A week in Fiji sounds very appealing in mid-winter, but a VOSO trip is no picnic in the sun, although there was a bit of that as well. The Labasa Lions Club hosted us and provided local food at every village for lunch and restaurant dinners every night back in Labasa. Each day was well organised with transport, distribution of bottled water and a plan of where we were to go.
Each day teams of two optometrists, one nurse and a driver would drive for about two hours, a lot of it over rough dirt roads to reach outlying villages. On arrival, there would already be a large group of locals sitting waiting. Some had walked for three hours to reach the school or heath centre. They were seen first so they could start their long walk home again. The nurse would do other health checks such as blood pressure or child health checks or would do visual acuity for the optometrists.
For the last three days, one team stayed at Labasa hospital and I was able to see 19 low vision patients with an age range of 5 – 90 years old, while teaching Noa, the Community Rehabilitation Liaison Officer and Nari, an experienced and equally devoted ophthalmic nurse, as much as I could about assessing and helping patients with low vision. Both are very passionate about the work they do, and it was a real joy to work with them. I hope to keep in contact and continue to support them as much as I can.
A real light bulb moment occurred when Noa and I realised that he is working with many children who have been operated for congenital cataracts and have no reading glasses to help them with their school work. He also has several girls with Albinism on his books and I was able to give him some small sunglasses for them, as they do not have any at present.
The majority of the work we did as a team was providing reading glasses, though we were surprised at the large number of hypermetropes who needed distance glasses as well. On the first day we had no high plus glasses amongst the spectacles collected by Lions Clubs from New Zealand. One just had to improvise and give one pair for distance and a second pair to wear one on top of the other for reading. Not unexpectedly, we found a lot of pterygia and were also able to provide sunglasses for protection. Sadly, the word has gotten around that the VOSO teams from New Zealand have previously given out sunglasses, and many people who could well afford to buy glasses from the local optometrist (Indian trained) or pharmacy were approaching us, sometimes in the street, for their free sunglasses. Apparently, sunglasses and spectacles for distance is something of a status symbol. The traditional culture of the village is that one does not wear a hat or any glasses including sunglasses in the village, as it is considered an offense to the village chief that you are trying to place yourself above him.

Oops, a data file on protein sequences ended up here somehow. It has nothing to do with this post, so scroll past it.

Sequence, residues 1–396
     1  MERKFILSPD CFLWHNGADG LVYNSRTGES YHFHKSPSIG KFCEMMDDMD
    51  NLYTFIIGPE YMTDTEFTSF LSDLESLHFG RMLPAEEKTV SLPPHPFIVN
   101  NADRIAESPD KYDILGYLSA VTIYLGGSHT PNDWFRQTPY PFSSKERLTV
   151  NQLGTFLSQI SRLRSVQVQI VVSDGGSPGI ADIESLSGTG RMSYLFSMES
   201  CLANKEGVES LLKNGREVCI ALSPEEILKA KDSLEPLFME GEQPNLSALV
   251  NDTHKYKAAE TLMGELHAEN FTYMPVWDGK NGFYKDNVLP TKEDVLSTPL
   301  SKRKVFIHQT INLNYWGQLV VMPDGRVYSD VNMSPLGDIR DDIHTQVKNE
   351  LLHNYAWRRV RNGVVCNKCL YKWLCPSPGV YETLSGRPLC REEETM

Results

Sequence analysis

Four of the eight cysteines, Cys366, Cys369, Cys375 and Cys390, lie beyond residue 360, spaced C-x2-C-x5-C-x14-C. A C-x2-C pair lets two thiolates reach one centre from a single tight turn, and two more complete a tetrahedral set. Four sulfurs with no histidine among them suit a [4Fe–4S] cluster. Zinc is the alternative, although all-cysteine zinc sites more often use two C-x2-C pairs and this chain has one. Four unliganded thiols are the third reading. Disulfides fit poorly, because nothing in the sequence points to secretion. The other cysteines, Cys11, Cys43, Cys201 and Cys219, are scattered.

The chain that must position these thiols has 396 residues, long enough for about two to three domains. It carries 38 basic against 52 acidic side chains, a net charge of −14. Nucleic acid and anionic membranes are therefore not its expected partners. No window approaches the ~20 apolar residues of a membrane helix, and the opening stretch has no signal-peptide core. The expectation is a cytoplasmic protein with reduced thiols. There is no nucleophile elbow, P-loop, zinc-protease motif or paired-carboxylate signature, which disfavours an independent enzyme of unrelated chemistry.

The VOSO team agreed that the emphasis on future visits to Labasa should be on the outreach to the villages providing screening, spectacles and sunglasses to the population that need it most. On the other hand, the low vision part worked well from out of Labasa hospital. In total, the four optometrists Jill Mottram (team leader) Olga Hammond, John Mellsop and I, saw 950 patients of which 40 were referred to the hospital mainly for cataracts and pterygia, as well as 19 low vision patients.
It was a truly rewarding experience particularly helping people who have never had any eye health checks, have no access to spectacles or have never seen a magnifier before, and a privilege to work with such dedicated people; my colleagues, the Labasa hospital team and the small but very active Labasa Lions Club.
VOSO would like to acknowledge with thanks the assistance and donations of low vision aids and equipment from:
Jennie Vowles – Lions Club Karori Neil Pugh – Lions Club Ferrymead
Milburne & Neill Optometrists Mike Sladen Optical
Pacific Vision Eyeline Optical
Greenlane Low Vision Clinic Blind Foundation and members
Jenny Carpenter Viv Gapes
Sr Isabelle – Kaikohe Shirley McMurray
Nancye Carter’s family Mrs Sally Fraser
Essilor NZ Ltd